N.O.V.A. 2 for iPhone
At a Glance
N.O.V.A. 2 - Near Orbit Vanguard Alliance
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With the release of the original N.O.V.A., Gameloft drew a well-defined line in the sand on what a first-person shooter should look (and feel) like on an iOS device. Since then, other games, like id’s Rage, and even Chair Entertainment’s Infinity Blade, have redefined our expectations in terms of graphical capabilities and gameplay complexity.
As a result, N.O.V.A. 2 feels more like an evolution of its predecessor than a revolutionary title that advances its genre by leaps and bounds. Nonetheless, the game’s new features are well worth the price of admission.
N.O.V.A. 2 picks up six years after the end of its predecessor. Humanity is now entangled in a civil war that pits the central government of the Terran Orbitals against the mysterious Human-Alien Alliance. You play the role of Kal Wardin, who has left the service of the N.O.V.A. organization to retire on the secluded planet Scorpion, where war eventually catches up with him.
And so it begins: N.O.V.A. 2 wastes very little time providing you with a backstory or training, opting instead to drop you straight in the middle of the action. The game’s controls are, of course, very intuitive to use and, like most FPS, boil down to moving, selecting a weapon and shooting. As an added twist, if you play on an iPhone 4, N.O.V.A. takes advantage of the latter’s gyroscopes, thus allowing you look around by just moving your phone as if it were a window into the game’s reality. This both augments the game experience and eliminates the feeling that, in order to play an FPS on a touch device, one should be endowed with three hands.
The game’s AI is one of the best I’ve seen on a mobile device yet; enemies are smart enough to know to actively duck for cover and use basic infantry team techniques to good effect. For example, one of your opponents will try to pin you down or attract your fire while another flanks you and attacks from the side. This makes the game challenging from the very start—something that will please FPS fans, but may turn off the more casual players.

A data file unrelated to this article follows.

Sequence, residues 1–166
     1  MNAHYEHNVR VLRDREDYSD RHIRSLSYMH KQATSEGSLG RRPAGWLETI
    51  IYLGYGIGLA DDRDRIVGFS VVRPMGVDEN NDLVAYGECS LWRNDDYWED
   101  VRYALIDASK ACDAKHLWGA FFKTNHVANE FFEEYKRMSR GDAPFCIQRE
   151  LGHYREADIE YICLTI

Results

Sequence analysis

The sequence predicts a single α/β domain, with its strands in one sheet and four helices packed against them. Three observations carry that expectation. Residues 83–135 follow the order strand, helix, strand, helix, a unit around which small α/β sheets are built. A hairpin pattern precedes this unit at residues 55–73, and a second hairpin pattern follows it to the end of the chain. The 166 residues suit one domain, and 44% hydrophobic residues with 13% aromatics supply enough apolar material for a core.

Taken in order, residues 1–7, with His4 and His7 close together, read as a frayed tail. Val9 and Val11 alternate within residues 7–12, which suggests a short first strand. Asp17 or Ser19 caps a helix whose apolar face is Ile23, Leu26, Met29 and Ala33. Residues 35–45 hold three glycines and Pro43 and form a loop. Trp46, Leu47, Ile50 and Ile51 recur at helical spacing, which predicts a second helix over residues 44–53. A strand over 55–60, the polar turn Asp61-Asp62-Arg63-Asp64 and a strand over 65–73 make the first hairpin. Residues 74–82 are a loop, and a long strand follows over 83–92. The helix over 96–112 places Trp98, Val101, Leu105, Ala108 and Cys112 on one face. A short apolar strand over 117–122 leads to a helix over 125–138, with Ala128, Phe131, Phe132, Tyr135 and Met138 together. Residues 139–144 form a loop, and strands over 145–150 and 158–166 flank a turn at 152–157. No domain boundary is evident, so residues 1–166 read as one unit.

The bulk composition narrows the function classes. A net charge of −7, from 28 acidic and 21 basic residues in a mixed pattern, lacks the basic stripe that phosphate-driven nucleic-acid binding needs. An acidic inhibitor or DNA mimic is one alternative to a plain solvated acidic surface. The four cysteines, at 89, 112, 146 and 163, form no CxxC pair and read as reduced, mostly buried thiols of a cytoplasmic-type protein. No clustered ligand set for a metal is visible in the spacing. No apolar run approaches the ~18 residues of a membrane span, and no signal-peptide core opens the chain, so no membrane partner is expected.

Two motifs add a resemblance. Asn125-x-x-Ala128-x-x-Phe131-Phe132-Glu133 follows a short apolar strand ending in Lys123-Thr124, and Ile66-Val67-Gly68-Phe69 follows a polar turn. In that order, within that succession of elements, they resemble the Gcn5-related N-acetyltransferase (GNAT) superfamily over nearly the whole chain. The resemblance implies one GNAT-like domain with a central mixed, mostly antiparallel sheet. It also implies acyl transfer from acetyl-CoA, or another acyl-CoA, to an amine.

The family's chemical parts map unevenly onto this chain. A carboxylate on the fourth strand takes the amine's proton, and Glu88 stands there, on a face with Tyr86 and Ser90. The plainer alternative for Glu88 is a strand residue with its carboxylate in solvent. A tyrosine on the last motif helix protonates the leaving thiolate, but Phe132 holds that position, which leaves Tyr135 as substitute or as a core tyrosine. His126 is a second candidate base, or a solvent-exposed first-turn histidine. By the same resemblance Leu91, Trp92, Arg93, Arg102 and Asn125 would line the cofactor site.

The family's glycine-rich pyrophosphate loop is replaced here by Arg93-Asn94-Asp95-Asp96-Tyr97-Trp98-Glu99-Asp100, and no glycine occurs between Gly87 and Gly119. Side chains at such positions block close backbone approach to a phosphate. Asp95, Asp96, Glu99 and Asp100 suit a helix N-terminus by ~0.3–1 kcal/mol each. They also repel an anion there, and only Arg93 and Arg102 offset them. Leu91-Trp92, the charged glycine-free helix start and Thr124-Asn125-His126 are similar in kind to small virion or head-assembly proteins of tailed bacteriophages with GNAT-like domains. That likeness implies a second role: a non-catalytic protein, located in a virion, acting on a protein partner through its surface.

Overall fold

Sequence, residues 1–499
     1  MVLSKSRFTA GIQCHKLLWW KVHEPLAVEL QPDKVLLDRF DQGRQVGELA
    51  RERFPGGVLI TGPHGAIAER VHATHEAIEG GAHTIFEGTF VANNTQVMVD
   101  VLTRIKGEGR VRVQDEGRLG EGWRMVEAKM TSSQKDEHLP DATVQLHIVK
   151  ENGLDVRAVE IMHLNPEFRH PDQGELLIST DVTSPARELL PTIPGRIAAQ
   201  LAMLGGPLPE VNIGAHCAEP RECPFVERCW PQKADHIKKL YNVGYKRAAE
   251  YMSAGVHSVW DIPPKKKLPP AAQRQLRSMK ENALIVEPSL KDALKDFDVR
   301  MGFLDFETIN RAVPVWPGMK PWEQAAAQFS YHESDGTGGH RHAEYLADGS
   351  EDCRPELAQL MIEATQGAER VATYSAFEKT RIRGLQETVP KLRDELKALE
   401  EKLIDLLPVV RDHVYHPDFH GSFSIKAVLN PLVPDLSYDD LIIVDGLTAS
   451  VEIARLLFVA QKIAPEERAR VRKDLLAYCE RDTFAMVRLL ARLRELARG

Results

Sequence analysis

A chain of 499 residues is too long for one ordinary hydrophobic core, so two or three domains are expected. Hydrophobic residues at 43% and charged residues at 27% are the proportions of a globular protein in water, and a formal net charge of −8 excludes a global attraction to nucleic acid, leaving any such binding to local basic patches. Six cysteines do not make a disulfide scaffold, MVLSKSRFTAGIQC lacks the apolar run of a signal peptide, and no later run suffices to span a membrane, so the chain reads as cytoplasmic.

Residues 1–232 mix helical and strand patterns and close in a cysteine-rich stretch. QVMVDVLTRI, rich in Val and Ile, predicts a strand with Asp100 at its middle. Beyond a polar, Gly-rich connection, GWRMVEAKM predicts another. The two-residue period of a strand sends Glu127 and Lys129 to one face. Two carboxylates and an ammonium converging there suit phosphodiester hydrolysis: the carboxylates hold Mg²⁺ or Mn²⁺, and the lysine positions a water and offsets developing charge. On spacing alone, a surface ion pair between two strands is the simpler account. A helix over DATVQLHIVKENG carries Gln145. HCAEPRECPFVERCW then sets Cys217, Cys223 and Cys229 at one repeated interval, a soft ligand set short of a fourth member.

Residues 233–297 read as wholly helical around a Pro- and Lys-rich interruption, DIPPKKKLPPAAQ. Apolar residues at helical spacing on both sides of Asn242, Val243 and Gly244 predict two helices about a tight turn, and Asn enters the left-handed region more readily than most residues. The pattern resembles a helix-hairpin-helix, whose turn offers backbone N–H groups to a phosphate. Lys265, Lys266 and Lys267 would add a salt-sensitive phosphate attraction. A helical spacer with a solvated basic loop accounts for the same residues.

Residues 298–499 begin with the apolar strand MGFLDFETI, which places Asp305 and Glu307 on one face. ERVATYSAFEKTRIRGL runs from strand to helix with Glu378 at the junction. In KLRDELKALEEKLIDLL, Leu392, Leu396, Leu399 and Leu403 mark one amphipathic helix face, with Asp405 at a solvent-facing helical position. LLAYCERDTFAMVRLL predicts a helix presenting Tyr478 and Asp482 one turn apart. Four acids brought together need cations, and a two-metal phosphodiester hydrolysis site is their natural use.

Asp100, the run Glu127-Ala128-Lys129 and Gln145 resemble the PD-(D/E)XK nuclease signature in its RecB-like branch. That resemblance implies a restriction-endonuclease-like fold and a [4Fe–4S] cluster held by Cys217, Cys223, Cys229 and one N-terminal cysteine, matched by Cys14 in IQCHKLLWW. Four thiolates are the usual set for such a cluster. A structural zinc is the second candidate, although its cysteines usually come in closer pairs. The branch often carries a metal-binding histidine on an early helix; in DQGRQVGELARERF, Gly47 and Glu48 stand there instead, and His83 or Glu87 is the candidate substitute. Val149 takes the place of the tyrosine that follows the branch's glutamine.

Both the game’s graphics and sounds are top-notch; the former take full advantage of the iPhone 4’s Retina display, while the latter combines a high-power hard rock soundtrack with excellent sound effects. My only gripe is that the game could do a better job of rendering the environment using a more realistic depth of field; as it stands, the lack of depth causes the screen to look very busy at all times, making telling enemies apart from the scenery difficult.
In addition to the traditional single-player set-up, N.O.V.A. supports up to ten concurrent players duking it out in one of five different game types (Free for All, Team Deathmatch, Capture the Flag, Freeze Tag, and InstaGib) on ten different maps. Players of the first N.O.V.A. installment also get some added bonuses, such as the ability to start the game with additional experience and gain access to advanced weaponry.
If you love the FPS genre, N.O.V.A. 2 is a game that has it all: beautiful graphics, great gameplay, excellent controls and smart opponents. Casual players, on the other hand, are going to find it difficult to master without significant commitment and are, therefore, less likely to enjoy it fully.